When you begin having problems with your sewer lines, it’s better to address the problem sooner than it is to wait. Plumbing lines don’t heal themselves, and sewer lines are no different. They will only deteriorate more as time goes by and the slowly draining sinks and tubs in your home will only become slower and slower. When there is a major problem, such as a collapsed sewer line, causing problems in your home, sewer line repair is your only option.
There are many trees in Baltimore and the city has invested a substantial amount of money in the care and maintenance of its street trees. While the city states that tree roots cannot and will not penetrate sewer lines unless there is a crack near roots, the movement of growing roots can move the soil around sewer lines, causing lines to become cracked, and then to leak. This often creates a great deal of unavoidable mess, both for you and your family, and also for those who must drive in your area. There are recent improvements in how this is carried out, and one might be an excellent option for your situation.
Trenchless sewer line repair might be a new concept to you, but it’s been around for more than a few decades, and has proven itself to be capable of saving money, time, and landscapes. There are two types: flexible tubing that is either pulled in or blown into your existing pipes and inflated and sealed, or replacement of existing sewer lines with new ones that are pulled in place, breaking apart the old, faulty lines as part of the process. Trenchless sewer line repair can also help to preserve the area around the city’s street trees near your property. Sometimes a street tree needs to be removed so sewer line repair can commence in the case of excavation work, but this is rarely true when trenchless methods are involved. Before the liner is blown in, if that is used, the tree roots inside the existing line are cut away with high powered water streams.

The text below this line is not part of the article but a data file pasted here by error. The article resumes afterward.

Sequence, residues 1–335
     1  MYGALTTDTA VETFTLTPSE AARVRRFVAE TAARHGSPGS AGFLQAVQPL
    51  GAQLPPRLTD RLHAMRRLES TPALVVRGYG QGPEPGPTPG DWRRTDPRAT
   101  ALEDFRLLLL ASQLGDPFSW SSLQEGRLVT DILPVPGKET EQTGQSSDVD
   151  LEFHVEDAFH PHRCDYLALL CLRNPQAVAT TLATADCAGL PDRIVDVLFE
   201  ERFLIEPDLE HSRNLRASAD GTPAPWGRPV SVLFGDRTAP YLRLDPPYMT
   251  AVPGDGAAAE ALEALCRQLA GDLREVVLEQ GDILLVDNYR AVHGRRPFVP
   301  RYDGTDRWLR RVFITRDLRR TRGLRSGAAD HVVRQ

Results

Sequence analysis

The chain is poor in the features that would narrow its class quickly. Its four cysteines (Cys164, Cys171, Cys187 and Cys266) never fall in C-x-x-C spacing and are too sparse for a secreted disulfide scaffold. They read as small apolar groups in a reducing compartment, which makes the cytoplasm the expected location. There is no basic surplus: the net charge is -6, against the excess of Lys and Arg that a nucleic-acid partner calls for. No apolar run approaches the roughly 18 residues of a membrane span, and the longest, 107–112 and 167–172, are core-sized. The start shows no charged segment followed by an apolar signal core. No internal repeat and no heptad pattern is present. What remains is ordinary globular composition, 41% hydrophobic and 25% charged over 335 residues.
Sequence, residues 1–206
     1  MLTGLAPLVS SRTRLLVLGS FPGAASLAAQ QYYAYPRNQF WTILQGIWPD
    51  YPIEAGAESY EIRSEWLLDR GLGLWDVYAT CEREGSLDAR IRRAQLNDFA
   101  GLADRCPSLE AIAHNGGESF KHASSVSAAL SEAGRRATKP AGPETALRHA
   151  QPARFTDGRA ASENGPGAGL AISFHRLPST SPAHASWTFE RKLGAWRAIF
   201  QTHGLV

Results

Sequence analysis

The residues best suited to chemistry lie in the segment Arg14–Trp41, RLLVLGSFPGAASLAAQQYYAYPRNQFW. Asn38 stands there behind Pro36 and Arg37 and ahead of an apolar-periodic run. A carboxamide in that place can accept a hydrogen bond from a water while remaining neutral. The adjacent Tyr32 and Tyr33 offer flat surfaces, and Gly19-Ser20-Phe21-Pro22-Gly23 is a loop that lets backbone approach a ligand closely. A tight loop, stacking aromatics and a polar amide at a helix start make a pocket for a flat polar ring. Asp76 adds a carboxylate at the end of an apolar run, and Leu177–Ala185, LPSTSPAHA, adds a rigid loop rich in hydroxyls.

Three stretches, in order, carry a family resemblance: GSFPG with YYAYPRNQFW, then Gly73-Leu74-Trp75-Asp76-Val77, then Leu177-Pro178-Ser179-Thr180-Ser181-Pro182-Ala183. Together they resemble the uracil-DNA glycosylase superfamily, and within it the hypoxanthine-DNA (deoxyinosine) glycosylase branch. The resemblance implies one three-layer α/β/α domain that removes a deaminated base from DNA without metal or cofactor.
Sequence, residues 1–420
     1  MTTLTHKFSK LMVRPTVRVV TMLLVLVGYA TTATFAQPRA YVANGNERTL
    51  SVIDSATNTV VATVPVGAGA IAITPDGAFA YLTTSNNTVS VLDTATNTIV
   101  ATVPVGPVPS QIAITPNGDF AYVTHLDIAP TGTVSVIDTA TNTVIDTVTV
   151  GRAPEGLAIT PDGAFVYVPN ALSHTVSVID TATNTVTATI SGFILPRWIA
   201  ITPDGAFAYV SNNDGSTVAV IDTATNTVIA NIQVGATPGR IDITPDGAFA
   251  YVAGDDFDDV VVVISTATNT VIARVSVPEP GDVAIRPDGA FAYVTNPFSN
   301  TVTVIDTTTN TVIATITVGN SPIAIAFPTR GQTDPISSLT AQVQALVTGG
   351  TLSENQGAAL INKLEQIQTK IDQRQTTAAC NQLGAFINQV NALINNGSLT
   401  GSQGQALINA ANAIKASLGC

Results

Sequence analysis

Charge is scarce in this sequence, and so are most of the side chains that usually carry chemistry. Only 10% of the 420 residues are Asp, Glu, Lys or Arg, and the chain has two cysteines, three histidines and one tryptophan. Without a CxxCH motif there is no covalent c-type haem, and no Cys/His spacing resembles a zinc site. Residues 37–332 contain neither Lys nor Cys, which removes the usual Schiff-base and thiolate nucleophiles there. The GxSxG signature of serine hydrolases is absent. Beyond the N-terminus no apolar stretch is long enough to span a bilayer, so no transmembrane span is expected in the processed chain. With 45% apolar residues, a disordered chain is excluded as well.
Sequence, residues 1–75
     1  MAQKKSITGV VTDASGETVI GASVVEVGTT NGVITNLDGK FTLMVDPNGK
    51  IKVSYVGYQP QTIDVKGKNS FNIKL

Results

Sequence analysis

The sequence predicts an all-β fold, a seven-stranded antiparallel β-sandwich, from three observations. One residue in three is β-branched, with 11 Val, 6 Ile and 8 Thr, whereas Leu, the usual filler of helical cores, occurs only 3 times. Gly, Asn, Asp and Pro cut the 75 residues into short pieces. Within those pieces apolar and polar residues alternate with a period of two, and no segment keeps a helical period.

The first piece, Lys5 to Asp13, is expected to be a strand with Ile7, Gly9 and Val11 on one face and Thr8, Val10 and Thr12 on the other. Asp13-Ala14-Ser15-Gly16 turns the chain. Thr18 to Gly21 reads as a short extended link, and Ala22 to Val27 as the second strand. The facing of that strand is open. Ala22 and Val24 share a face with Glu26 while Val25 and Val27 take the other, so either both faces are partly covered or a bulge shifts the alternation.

With both processes, there is no need to excavate large areas to get to the sewer lines that will be replaced. Also, repairing them leaves your home with ‘new’ sewer lines that are just as durable as if you had had them replaced after digging and excavating the broken lines. The typical guarantee on liners is for 50 years.
The benefits are not only a lower cost for the process, but fewer repair bills after the sewer line repair work is finished. Sidewalks and other concrete areas can remain intact, saving you from the cost and aggravation of replacing them. A much smaller area will still need to be excavated, but this is always much better than a yard-wide trench that can take months to just grow grass again after the repair is completed. These methods are suitable for all types of original sewer line, from crumbling terracotta to rusting cast iron. Without the need for excavation, there is also no cost to redirect traffic and the cost of the government fees that often are involved in such an endeavor.
Each home, and its sewer lines, are all individually unique, so it’s impossible to guarantee that every home’s sewer line problems are solvable with trenchless methods, but the homes that cannot benefit from it are rare. If you have landscaping, garden areas, flower beds, concreted areas, or even outside structures such as a garage, barn, or shed, and these are located over the sewer line, trenchless repair methods are most likely going to be your answer. Preserving these not only keeps you from needing to restore, or even rebuild, what will be destroyed in traditional excavation methods, but you won’t have to finance such a restoration, either, if they are never destroyed in the first place.